The upcoming third Democratic primary debate, hosted by ABC News in partnership with Univision and slated for Sept. 12 and 13 in Houston, will feature four moderators, ABC News announced Wednesday.
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Chief Anchor George Stephanopoulos, “World News Tonight” Anchor David Muir, ABC News Correspondent Linsey Davis and Univision Anchor Jorge Ramos will moderate the debate on Thursday and, if necessary, Friday.
The debate will be held at Texas Southern University, a public, historically black university, and will air across ABC, Univision with a Spanish translation, locally on KTRK-TV and on ABC News Live. The streaming channel is available on the ABCNews.com website and apps, as well as Hulu Live, The Roku Channel, Facebook Watch, AppleTV, Amazon Fire TV, YouTube, Apple News and Twitter.
If 10 or fewer candidates are certified by the Democratic National Committee to participate, the debate will take place on one night.
If more than 10 candidates qualify under the rules, the debate will take place over two nights. For the two-night scenario, ABC News in accordance with the DNC will hold a selection event on Aug. 29 to randomly assign the candidates to a night. The format of the debate will be one minute and 15 seconds for direct responses to questions and 45 seconds for rebuttals.
So far, 10 candidates have qualified for the third round of debates, according to an ABC News analysis of publicly released information and pending verification by the DNC after the qualifying deadline, including:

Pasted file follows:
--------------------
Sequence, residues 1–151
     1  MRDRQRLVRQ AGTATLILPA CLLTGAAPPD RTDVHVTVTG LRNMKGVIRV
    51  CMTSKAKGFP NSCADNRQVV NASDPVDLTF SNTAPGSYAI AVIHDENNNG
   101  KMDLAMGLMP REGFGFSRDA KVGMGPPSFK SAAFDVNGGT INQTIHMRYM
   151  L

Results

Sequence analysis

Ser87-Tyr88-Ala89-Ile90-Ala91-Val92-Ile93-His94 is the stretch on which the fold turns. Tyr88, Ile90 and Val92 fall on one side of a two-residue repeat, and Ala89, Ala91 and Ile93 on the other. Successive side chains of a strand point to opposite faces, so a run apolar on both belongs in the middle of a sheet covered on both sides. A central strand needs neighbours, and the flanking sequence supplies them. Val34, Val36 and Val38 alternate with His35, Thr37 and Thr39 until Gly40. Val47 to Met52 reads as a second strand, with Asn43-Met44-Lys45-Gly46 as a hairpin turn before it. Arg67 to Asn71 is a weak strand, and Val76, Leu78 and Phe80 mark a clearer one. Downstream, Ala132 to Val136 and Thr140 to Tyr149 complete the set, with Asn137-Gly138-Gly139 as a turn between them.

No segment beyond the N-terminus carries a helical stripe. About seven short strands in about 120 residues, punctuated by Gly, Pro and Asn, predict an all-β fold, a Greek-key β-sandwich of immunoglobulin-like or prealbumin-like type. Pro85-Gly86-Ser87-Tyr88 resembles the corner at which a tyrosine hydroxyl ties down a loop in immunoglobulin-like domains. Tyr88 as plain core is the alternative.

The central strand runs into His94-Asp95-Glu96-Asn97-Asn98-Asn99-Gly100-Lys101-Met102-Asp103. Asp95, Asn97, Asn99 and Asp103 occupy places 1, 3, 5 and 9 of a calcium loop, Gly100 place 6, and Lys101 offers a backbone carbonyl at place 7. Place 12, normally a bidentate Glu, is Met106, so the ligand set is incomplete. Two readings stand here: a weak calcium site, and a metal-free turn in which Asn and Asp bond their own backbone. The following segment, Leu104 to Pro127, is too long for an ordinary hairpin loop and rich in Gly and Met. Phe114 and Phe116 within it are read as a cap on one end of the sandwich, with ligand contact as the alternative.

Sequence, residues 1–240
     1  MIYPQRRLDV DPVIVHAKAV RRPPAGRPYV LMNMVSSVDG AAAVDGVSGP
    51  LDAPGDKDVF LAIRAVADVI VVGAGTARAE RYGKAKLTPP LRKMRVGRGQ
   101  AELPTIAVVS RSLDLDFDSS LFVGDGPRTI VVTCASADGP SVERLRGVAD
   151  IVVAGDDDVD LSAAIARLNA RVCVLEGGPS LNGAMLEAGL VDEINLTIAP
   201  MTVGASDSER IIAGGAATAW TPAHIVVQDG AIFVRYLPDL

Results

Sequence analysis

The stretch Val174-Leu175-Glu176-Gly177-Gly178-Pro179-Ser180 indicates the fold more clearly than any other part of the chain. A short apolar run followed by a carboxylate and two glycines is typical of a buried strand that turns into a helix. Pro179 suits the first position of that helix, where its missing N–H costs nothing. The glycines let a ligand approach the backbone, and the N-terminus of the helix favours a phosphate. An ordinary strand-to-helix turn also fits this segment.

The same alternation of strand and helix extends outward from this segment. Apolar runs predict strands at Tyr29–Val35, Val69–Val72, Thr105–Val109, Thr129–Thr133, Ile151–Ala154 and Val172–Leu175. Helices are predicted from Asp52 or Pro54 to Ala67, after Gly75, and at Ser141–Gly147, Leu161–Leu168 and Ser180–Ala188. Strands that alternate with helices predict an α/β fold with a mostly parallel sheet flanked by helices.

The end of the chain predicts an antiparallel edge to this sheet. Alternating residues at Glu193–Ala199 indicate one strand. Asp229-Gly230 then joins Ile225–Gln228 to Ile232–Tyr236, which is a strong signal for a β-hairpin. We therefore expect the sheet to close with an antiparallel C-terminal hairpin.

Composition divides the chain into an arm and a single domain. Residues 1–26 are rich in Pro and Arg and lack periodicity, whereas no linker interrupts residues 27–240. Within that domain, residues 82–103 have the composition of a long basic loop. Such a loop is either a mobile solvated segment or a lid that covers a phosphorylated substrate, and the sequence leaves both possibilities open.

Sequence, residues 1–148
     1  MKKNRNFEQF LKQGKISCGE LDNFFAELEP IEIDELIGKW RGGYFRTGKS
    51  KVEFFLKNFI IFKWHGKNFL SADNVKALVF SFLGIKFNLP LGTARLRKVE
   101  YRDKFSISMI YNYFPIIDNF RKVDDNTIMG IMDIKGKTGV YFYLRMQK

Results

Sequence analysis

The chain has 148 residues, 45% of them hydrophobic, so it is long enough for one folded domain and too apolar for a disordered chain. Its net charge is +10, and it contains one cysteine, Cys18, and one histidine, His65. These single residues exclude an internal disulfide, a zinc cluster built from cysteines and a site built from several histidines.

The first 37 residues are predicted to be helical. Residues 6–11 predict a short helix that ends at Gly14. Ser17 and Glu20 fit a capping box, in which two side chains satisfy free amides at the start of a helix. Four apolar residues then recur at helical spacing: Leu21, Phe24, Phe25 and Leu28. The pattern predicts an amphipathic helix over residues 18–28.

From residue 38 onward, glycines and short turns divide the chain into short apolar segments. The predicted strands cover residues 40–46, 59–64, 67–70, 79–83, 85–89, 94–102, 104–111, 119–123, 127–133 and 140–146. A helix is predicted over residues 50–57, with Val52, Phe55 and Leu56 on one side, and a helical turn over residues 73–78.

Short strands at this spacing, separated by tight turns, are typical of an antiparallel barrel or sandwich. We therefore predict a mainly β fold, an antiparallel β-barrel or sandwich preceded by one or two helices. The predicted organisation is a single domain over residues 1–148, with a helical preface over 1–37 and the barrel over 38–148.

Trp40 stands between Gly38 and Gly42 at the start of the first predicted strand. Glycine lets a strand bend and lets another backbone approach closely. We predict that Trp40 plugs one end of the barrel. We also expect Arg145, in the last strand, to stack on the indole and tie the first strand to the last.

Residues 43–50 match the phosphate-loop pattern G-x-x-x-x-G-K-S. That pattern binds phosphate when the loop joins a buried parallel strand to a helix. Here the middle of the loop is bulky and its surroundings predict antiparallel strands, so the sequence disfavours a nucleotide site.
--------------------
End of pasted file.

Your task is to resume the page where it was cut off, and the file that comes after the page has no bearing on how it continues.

Earlier this year, prior to the first Democratic debates, the DNC announced more stringent qualifying rules for the fall debates in September and October. Details for the October debate have not yet been announced.
In order to qualify for the September debate, candidates must cross both the polling and grassroots funding thresholds. Candidates must receive 2% or more support in at least four national polls, or polls conducted in the early-voting states of Iowa, New Hampshire, South Carolina and/or Nevada and publicly released between June 28 and August 28.
Any candidates’ four qualifying polls must be sponsored by one or more of the following organizations approved by the DNC: The Associated Press, ABC News, CBS News, CNN, the Des Moines Register, Fox News, Monmouth University, NBC News, The New York Times, National Public Radio, Quinnipiac University, University of New Hampshire, The Wall Street Journal, USA Today, the Washington Post, and Winthrop University. They also must be conducted by different organizations or — if by the same organization — must be in different geographical areas.
Candidates must also receive donations from at least 130,000 unique donors over the course of the election cycle, with a minimum of 400 unique donors per state in at least 20 states. Qualifying donations must be received by 11:59 p.m. on Aug. 28 for the September debate.